The England cricketer, 32, had the FUE transplant (Follicular Unit Extraction) in 2018 after overhead camera shots while he was playing revealed a growing bald patch.
"I saw the footage of myself, and the angle would be a bird’s-eye view, straight on top," he told Telegraph. "I thought, 'God, this is getting worse and worse'."
Stokes said he decided to have the procedure when the way he felt about his hair "got to the point where it was getting too much".
He said the results gave him "so much more confidence" and hopes by speaking about his experiences he will continue to help breakdown barriers to widen the discussion surrounding male hair loss.
"Men and hair, it’s a thing," he explains. "The procedures used to be kept quiet. It was almost one of those things where you didn’t want people to know you had had it done.
"There’s so much more to it than just losing your hair. If you start thinning, you notice, and you’re constantly trying to do something to make it not look as bad. As people get older, they want to have a good head of hair. So whatever they can do to make them feel better about themselves, why not?
"I know how I felt, from all the compliments I received. It gives you so much confidence. The stigma and the secretiveness have gone."
Stokes isn't the only celebrity to discuss the subject of hair transplants. Lee Mead, 42, recently chatted openly about the procedure he underwent in Turkey earlier this year.
"There's nothing wrong with being bald, but it's a very personal thing and for me I wasn't ready to go bald yet so I went and had the operation," the actor told Ranvir Singh on Lorraine.
Watch: Lee Mead says hiding receding hairline 'affected confidence' before transplant
James Haskell also revealed earlier this year that he hasn't ruled out getting a transplant.
The 37-year-old rugby star who is married to Chloe Madeley, said that he may think about getting his hair “sorted out” because it is thinning.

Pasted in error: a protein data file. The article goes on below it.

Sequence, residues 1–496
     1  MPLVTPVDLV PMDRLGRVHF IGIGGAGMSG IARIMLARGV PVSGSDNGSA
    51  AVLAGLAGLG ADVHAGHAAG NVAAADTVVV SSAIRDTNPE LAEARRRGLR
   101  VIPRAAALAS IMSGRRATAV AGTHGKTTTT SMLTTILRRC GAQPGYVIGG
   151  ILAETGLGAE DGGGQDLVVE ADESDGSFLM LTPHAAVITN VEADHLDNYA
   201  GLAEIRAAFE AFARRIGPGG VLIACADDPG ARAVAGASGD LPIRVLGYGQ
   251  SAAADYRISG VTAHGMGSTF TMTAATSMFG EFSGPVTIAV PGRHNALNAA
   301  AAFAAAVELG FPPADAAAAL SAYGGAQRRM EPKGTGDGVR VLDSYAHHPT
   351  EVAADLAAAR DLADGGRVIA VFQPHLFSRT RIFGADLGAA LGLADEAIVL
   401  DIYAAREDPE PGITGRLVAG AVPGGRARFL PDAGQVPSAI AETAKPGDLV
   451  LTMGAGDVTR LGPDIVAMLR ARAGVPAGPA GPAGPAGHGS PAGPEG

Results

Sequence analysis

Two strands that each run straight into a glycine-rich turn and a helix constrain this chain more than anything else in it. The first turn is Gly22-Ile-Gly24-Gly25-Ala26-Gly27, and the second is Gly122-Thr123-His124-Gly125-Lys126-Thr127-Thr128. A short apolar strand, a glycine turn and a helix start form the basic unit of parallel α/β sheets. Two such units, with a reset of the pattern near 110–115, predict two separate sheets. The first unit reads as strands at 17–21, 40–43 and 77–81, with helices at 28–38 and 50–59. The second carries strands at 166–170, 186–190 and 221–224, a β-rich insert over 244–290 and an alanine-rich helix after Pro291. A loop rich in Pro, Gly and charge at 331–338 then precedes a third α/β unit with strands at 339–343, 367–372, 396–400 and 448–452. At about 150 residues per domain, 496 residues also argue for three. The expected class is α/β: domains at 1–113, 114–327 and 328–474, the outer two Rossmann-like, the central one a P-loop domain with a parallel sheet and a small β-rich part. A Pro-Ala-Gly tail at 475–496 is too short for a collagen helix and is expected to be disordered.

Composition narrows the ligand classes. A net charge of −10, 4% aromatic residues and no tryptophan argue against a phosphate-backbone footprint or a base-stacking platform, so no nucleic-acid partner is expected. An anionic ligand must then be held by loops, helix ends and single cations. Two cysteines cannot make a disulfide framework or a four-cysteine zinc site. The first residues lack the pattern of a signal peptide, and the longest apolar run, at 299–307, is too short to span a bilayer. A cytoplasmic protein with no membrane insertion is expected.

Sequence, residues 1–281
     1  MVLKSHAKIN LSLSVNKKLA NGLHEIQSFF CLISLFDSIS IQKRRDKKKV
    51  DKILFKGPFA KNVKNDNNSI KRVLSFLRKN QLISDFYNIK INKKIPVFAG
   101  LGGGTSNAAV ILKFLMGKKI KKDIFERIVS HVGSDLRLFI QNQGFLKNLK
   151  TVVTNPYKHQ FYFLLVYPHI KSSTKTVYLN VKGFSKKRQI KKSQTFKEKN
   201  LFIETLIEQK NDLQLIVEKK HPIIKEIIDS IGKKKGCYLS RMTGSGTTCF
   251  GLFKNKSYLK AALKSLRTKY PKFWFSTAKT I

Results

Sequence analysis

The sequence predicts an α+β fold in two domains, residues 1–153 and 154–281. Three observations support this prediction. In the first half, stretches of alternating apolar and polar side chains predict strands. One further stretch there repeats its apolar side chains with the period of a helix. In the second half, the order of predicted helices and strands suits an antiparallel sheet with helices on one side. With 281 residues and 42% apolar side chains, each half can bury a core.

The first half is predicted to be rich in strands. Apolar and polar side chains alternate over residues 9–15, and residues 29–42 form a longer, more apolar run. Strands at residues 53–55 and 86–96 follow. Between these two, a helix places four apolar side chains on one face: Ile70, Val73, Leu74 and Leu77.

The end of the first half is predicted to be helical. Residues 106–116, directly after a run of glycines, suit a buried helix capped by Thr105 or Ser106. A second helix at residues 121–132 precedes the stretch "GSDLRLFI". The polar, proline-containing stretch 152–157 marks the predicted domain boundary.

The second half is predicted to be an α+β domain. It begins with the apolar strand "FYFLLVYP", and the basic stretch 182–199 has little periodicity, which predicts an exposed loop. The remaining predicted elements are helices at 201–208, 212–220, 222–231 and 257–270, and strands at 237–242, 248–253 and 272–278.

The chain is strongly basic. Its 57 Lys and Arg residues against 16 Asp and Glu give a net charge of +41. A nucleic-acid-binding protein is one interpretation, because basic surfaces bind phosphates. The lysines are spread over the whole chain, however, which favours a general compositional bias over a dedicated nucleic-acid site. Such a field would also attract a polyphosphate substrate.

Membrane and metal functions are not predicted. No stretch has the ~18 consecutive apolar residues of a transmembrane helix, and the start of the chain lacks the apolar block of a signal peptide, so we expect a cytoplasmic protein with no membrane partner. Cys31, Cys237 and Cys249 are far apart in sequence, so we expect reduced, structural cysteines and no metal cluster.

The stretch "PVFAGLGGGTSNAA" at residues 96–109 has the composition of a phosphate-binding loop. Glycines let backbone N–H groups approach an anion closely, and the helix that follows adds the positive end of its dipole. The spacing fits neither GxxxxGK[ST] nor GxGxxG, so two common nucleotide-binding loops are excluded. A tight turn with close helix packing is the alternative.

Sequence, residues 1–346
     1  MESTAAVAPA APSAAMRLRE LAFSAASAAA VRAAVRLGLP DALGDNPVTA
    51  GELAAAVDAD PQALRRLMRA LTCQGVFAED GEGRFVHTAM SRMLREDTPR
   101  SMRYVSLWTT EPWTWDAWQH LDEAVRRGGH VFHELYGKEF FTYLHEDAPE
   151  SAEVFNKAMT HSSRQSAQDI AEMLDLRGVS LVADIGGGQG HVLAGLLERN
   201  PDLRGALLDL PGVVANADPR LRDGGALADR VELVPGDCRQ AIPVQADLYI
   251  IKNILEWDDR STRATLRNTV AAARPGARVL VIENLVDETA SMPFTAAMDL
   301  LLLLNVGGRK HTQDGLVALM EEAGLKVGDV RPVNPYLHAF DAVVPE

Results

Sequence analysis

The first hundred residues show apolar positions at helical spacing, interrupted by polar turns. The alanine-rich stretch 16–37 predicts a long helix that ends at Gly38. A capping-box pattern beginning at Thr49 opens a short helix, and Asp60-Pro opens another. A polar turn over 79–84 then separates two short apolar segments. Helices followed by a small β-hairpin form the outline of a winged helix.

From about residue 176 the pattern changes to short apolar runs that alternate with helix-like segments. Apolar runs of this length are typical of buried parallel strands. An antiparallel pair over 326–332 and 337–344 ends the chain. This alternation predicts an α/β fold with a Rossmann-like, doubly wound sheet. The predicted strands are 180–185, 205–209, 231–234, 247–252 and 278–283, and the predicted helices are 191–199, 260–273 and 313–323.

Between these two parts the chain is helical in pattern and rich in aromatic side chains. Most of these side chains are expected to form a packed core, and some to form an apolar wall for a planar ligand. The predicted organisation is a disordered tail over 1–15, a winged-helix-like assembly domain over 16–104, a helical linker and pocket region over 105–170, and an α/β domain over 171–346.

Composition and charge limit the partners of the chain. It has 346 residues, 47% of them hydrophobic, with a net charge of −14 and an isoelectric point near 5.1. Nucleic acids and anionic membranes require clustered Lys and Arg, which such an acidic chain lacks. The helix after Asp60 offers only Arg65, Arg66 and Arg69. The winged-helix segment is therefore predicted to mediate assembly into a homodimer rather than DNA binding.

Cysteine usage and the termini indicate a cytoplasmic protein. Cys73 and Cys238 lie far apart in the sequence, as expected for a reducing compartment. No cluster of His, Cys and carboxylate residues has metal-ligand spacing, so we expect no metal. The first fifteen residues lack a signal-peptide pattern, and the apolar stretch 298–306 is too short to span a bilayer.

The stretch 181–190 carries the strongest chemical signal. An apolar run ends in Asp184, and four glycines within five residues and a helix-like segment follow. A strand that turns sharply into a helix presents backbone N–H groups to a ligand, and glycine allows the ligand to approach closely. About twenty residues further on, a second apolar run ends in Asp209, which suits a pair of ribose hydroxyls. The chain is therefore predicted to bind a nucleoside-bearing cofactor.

“Would I have cosmetic surgery? Probably, if I need it,” Haskell said, as reported by Independent.
“I’m going to get my hair sorted out at some point because it’s thinning."
Read more: Man who suffered from hair loss gives confidence to others with ‘cure’ for baldness (Yahoo Life UK 3-min read)
Meanwhile Robbie Williams also shared that he had previously undergone the procedure in 2013, and in 2020 was keen to have a further treatment, but was told this wasn't possible as his hair was now too thin.
Jimmy Carr and James Nesbitt have also talked openly about having the hair replacement procedure.
What does the hair transplant procedure involve?
Follicular Unit Extraction (FUE) hair transplant treatments are now widely known as one of the best transplant techniques. This is compared to Follicular Unit Transplantation (FUT) which was previously the standard procedure.
"FUE is a process that replaces lost or thinning hair by taking healthy follicles from a donor area of the head (usually the back and sides) and transplanting them to a thinning area of the head, such as the hairline or crown," explains Nadeem Uddin Khan, CEO of Harley Street Hair Clinic. "FUE is a minimally invasive hair restoration option carried out under local anaesthetic, that achieves the best and most natural results."
During the procedure, local anaesthetic is injected into the donor area of the scalp, with patients awake and able to chat to their surgeon while undergoing treatment.
Read more: Hair loss in men: Signs, symptoms, causes and treatments (Yahoo Life UK 5-min read)
According to Mr Khan, there is minimal bleeding during and after the procedure and recovery is usually complete within seven days, with almost no side effects.
How much does it cost?
There is no one price fits all when it comes to hair transplants, as each transplant is entirely bespoke to the patient; the cost can vary depending on many factors.
According to ISHRS 2022 practice census, the average cost of a UK hair transplant is £4,820.
Mr Khan says some of the factors that can influence cost include the overall complexity of the transplant, the type of hair loss experienced, the likeliness of future hair loss and individual characteristics such as the amount of grafts needed and hair colour and texture.
Read more: Jamie Laing shares his hair loss worries (Yahoo Life UK 6-min read)
What to do if you’re considering a hair transplant
Hair transplant surgery can be a lifeline for many people, providing a confidence-boost that would otherwise be impossible. But how do you know if you’re suitable for one and where to go?
Research is key, says Mr Khan.
"It’s important to first be educated on the process, what’s involved, what recovery is like – but more importantly who’s doing the transplant, why you should pick them and whether you trust them," he adds.
Once you do your research, visit the clinics for a consultation and seek surgeons you can trust that have a good history of results.
It is also recommended you check whether your surgeon or clinic of choice is part of the IAHRS.org (International alliance of hair restoration surgeons) as this is an organisation to screen surgeons so they are ethical, honest and work in the patients' best interest.
Additional reporting PA.